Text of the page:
He is deeply concerned with the way that perceptions of a journey literally shape (map) geographical place and identity; this single theme recurs throughout the book. “An arrival is at the same time a creation (a place emerges), a mapping (it receives coordinates),” he writes. “[T]he traveler IS merely his account, he identifies with it because from it he extracts his identity; he doesn’t exist outside the map: traveler and map are a single entity.” Decades of war in Angola and surrounding countries have produced a region of displacement and total violence; the actions of many have shifted the map of the country, its coordinates, its very being, making it into something that appears on no map at all: “War was the erosion, eating away at the land and its inhabitants,” Mendes explains. “Benguela is terra firma. Lubango also. Huambo and Cuito once were. What’s in between is indescribable. No one is from the place where they are living–men and women were tossed the way rough seas toss boats onto the dunes.” Much of Angola is now literally unmappable, a grid of no-go areas. Mendes navigates these dangerous places, usually under cover of night, in darkness so total and terrifying that there is no way for him to distinguish his own face or hands or the bodily shapes of others.
Referred to as simply “the journalist” by both his protectors and the regional warlords who torment him–a title that saves his life several times–he realizes that in a place ravaged by war, identity is dictated by fear: “Fear is the map and the obligation it imposes.” He follows this map to its outer limits; what he finds in this new post-war, but war-like landscape is sobering. He rides in cars and buses that break down every few feet in places where every step forward could be a step into a landmine. He argues with generals who think he’s a spy and keep him under arrest for days with little food or water. He risks his life to make a midnight phone call just to say “Hello! I’m alive!” In a place where there are no mirrors, identity is replaced by familiar sounds and the rhythm of the rituals of living. “Wake up with rats,” he writes. “Go to sleep with fear…Vomit your own smell…Listen to the wind beneath the divan.”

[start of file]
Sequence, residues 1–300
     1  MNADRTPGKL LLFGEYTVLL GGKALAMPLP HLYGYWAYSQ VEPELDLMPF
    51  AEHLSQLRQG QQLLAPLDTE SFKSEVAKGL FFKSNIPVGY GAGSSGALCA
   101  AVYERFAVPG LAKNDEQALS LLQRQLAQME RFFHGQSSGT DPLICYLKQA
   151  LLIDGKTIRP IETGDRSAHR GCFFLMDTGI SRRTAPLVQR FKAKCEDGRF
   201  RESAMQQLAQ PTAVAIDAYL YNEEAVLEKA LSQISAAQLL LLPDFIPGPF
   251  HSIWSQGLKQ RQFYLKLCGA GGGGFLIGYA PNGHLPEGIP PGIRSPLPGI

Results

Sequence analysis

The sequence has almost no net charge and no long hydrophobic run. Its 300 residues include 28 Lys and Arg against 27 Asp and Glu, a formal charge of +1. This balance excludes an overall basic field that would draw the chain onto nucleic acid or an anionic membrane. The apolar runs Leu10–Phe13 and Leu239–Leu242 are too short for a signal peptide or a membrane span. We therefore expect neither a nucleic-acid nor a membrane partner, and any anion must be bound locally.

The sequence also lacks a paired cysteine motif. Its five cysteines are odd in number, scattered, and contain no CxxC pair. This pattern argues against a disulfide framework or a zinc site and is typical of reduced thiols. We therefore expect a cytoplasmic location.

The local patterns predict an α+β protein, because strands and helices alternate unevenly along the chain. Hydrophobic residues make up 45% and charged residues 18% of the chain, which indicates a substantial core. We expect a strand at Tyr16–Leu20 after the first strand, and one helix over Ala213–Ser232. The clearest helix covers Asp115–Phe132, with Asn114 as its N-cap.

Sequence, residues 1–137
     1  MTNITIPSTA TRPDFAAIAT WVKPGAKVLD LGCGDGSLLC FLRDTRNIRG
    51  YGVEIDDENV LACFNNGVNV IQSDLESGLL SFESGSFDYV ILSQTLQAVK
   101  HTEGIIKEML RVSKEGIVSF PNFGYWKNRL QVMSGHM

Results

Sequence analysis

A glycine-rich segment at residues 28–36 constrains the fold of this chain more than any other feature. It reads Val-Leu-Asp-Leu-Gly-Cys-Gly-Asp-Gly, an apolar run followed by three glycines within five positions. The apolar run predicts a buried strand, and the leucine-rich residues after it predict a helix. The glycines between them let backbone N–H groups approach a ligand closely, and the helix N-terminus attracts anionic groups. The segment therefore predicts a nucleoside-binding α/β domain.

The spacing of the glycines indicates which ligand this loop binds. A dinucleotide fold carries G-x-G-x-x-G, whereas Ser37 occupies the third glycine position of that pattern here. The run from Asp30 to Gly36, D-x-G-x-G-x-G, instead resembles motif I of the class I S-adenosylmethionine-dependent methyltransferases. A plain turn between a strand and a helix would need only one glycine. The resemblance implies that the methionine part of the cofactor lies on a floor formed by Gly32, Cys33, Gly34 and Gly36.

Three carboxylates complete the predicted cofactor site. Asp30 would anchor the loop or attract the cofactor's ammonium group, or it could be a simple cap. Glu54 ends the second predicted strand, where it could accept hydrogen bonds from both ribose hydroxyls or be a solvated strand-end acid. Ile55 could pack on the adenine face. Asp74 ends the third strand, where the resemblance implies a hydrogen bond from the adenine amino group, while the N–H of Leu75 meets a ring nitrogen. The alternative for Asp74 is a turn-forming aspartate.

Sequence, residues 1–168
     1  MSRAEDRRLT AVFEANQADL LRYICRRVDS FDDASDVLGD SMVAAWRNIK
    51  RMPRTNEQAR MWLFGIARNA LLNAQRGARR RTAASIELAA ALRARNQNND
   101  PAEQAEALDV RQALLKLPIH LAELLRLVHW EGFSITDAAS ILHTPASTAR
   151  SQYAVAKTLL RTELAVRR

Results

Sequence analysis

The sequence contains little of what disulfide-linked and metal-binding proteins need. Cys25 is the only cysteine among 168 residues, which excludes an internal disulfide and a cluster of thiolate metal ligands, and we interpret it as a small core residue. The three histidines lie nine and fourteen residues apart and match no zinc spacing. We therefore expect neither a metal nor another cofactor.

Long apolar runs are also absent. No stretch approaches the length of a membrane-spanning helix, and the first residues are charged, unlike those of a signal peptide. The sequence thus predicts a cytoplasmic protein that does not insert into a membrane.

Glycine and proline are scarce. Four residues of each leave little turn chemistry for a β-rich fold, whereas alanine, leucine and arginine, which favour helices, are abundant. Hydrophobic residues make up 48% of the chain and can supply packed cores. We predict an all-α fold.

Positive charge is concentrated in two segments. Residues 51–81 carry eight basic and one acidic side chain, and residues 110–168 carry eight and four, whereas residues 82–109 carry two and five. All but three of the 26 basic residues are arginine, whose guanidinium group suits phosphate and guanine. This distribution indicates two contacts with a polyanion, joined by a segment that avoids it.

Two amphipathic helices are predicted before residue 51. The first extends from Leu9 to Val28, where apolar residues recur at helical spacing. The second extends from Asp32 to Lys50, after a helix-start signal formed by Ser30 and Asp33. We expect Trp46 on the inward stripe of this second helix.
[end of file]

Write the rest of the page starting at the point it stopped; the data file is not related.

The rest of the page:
The chapters have no unifying style; some are fictionalized scenes of actual events written to resemble a movie script, others feel like excerpts from his writer’s notebook. Despite the oddities and discrepancies in his style, Mendes should be commended for approaching each person not with a solo traveler’s voyeuristic bravado, but rather with a gentle reverence. “In the Angolan emptiness, places are people.” He takes his role as storyteller very seriously, and he’s good at it. While writing about cities where the distribution time of the World Food Programme dictates people’s lunch breaks, where warlords rule from bombed-out ruins, where people without running water drag buckets up several flights of stairs, he manages to avoid easy melodrama or pity. Again and again he comes back to the land and its people: the way light falls, the way people use their imaginations to survive the “brutalizing melancholy” of their lives.
“A very young guerilla,” he writes, “muscles bulging under his ragged uniform, and feet jammed into the remains of his sneakers. They ordered him across the river… stupidly risking his skin to buy tobacco and beer for the officers.” Here, with a novelist’s sense of observation and detail, Mendes shows how brutality breeds brutality. Most of his stories ring terribly true. Only occasionally does the dialogue feel reconstructed or didactic. Relying on a collage of voices, he documents a place where “death is cheap” and “enemies are everywhere” in “a land of guerillas and no other crop.” He is at his best when he avoids philosophical musings that occasionally dip into melodrama (“That’s how the journey is: the direction doesn’t matter, and any course ends inevitably in the same place. Destiny–the first, the last, the only station”) and simply lets the people speak for themselves, allowing the reader to flip back and forth between the glossary and the text, fitting the individual stories with the acronyms and history in the back.